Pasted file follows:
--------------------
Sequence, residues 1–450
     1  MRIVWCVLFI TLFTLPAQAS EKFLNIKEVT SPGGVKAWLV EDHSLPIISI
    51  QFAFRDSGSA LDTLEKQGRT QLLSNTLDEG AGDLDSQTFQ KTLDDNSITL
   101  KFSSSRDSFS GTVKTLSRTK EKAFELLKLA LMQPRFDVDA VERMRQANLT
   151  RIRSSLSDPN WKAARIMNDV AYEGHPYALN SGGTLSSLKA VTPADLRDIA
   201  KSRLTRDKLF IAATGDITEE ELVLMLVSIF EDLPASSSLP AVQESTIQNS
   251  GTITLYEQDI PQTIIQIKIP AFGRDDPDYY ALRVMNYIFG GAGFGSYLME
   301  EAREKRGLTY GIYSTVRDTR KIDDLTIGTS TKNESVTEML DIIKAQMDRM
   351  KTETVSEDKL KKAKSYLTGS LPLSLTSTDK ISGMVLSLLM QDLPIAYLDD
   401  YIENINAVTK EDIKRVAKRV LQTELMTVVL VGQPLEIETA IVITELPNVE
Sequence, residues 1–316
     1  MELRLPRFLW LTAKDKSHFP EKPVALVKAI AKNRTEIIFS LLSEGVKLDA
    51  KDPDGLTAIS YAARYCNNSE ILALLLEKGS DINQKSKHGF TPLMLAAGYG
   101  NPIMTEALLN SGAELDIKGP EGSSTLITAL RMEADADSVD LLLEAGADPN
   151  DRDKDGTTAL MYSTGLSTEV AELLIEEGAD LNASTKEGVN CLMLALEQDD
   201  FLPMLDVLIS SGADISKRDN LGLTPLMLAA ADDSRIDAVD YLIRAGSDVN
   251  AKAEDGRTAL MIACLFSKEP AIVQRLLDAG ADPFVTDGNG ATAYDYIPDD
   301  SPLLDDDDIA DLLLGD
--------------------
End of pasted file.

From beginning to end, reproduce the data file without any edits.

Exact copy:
Sequence, residues 1–450
     1  MRIVWCVLFI TLFTLPAQAS EKFLNIKEVT SPGGVKAWLV EDHSLPIISI
    51  QFAFRDSGSA LDTLEKQGRT QLLSNTLDEG AGDLDSQTFQ KTLDDNSITL
   101  KFSSSRDSFS GTVKTLSRTK EKAFELLKLA LMQPRFDVDA VERMRQANLT
   151  RIRSSLSDPN WKAARIMNDV AYEGHPYALN SGGTLSSLKA VTPADLRDIA
   201  KSRLTRDKLF IAATGDITEE ELVLMLVSIF EDLPASSSLP AVQESTIQNS
   251  GTITLYEQDI PQTIIQIKIP AFGRDDPDYY ALRVMNYIFG GAGFGSYLME
   301  EAREKRGLTY GIYSTVRDTR KIDDLTIGTS TKNESVTEML DIIKAQMDRM
   351  KTETVSEDKL KKAKSYLTGS LPLSLTSTDK ISGMVLSLLM QDLPIAYLDD
   401  YIENINAVTK EDIKRVAKRV LQTELMTVVL VGQPLEIETA IVITELPNVE
Sequence, residues 1–316
     1  MELRLPRFLW LTAKDKSHFP EKPVALVKAI AKNRTEIIFS LLSEGVKLDA
    51  KDPDGLTAIS YAARYCNNSE ILALLLEKGS DINQKSKHGF TPLMLAAGYG
   101  NPIMTEALLN SGAELDIKGP EGSSTLITAL RMEADADSVD LLLEAGADPN
   151  DRDKDGTTAL MYSTGLSTEV AELLIEEGAD LNASTKEGVN CLMLALEQDD
   201  FLPMLDVLIS SGADISKRDN LGLTPLMLAA ADDSRIDAVD YLIRAGSDVN
   251  AKAEDGRTAL MIACLFSKEP AIVQRLLDAG ADPFVTDGNG ATAYDYIPDD
   301  SPLLDDDDIA DLLLGD